We’re once again entering the time of the year when vehicle volumes drastically drop at fueling sites, snow storms become continuous hazards for our canopies, and the chilly temperatures create a whole of host problems for our underground storage tanks.
How do winter temperatures affect underground storage tanks, you ask?
Let’s try to understand…
Winter-Induced Underground Storage Tank Problems
First in line are electrical malfunctions.
Electrical probes, sensors, line leak detectors, submersible pumps and other UST electrical components can be greatly affected during the winter season. They can go adrift, turn faulty, and sometimes, even stop functioning.
This can typically happen when the water inside the UST’s electrical conduits freezes, negatively impacting the functioning of the electrical devices.
Before the winter starts, be sure to have your UST’s electrical conduits inspected for broken seals or damaged openings.
Next we have tank water intrusion problems.
Water as you know is the biggest enemy of your UST tank and everything that’s inside it. Unfortunately, in winter, the chances of tank water intrusion increases significantly.
Freezing temperatures can crack risers on your tank and cause water to seep in. Water can also enter your tank through the loose top fittings.
Once water penetrates your tank, it can rust your tank’s parts and contaminate your fuel stock.
What can you do to mitigate water intrusion risks at your fueling site during winter?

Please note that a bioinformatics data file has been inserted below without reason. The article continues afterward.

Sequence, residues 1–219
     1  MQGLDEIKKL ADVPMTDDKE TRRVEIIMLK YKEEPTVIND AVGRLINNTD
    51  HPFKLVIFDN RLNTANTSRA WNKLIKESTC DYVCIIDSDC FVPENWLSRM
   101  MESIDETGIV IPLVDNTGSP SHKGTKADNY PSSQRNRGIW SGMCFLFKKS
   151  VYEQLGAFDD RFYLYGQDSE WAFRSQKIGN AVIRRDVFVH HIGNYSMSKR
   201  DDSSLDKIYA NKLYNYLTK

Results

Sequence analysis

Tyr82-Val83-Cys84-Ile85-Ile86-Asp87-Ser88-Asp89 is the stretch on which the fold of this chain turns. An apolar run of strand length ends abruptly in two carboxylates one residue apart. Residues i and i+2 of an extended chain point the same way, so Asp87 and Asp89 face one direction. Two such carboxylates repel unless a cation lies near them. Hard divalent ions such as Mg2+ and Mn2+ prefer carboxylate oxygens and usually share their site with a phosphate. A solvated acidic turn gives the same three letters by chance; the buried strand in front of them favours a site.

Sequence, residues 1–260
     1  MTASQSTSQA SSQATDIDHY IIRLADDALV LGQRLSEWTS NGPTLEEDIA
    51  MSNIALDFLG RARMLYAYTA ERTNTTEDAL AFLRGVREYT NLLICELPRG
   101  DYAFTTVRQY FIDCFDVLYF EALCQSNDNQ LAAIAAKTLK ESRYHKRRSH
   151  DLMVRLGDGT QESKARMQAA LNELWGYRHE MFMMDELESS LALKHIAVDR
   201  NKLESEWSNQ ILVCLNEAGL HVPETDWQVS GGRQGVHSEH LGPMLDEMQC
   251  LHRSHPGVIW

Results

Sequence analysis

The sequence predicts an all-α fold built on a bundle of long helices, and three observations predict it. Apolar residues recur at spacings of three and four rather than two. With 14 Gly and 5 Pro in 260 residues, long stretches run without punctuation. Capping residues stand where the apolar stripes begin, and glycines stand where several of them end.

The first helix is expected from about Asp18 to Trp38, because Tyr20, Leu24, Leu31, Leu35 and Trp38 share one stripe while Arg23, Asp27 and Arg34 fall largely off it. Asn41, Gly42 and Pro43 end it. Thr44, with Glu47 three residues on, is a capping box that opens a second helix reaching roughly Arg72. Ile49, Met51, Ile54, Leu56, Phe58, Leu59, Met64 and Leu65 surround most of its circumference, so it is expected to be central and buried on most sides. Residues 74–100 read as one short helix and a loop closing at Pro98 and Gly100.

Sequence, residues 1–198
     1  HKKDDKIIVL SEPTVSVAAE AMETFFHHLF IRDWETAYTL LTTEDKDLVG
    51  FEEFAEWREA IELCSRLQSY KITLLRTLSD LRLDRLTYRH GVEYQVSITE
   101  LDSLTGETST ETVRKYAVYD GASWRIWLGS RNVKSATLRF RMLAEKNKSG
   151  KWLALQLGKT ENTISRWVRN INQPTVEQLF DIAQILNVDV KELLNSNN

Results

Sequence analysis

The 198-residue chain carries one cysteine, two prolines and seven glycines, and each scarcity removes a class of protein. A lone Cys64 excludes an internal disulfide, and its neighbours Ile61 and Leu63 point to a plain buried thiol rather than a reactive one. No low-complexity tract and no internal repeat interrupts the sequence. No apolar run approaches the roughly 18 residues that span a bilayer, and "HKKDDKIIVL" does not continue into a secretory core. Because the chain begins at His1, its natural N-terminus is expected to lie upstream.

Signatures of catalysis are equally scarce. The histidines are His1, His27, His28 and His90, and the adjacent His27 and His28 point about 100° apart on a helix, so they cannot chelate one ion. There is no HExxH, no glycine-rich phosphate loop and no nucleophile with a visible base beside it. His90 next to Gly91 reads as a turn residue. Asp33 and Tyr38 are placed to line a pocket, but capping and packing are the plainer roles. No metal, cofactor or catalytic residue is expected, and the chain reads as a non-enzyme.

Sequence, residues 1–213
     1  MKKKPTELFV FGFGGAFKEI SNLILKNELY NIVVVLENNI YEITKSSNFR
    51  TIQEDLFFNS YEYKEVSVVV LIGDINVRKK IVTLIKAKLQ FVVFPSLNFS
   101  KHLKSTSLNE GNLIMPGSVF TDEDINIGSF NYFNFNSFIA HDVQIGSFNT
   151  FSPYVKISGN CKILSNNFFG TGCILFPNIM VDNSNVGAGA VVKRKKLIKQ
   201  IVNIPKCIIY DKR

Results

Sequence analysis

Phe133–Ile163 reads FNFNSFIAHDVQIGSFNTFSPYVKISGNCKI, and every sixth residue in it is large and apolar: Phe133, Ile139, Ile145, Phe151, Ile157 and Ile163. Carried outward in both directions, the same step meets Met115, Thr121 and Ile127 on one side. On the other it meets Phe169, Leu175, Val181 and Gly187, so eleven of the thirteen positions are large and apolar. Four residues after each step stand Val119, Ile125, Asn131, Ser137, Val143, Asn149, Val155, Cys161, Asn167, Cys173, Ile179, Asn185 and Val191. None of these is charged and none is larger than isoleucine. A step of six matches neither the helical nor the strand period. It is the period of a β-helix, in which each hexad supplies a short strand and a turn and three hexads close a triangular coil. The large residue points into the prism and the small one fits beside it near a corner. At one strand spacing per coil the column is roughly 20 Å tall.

- Repair any cracks on your storage tank through which water may potentially enter the tank
- Have the loose fittings replaced
- Don’t allow water to collect in your spill buckets
Lastly, winter can also cause damage to your old UST pipes.
You’re already aware of the freeze-thaw cycle which occurs in winter. This freeze-thaw cycle causes the soil to expand and contract, creating ground movement. Excessive ground movement can crack or break your older UST piping and expose your gas station operations to leaks.
While you can’t do anything to stop the ground movement or reinforce your older UST pipes, you can check your leak detection alarms to make sure they are in good working order. This way, if there is a potential pipe leak at you gas station, you can immediately detect it and take steps to control the damage.
This winter season, don’t let your underground storage tanks become the victim of chilly temperatures; take steps to protect them.
For further reading: What Can Turn Your Gas from Good to Bad?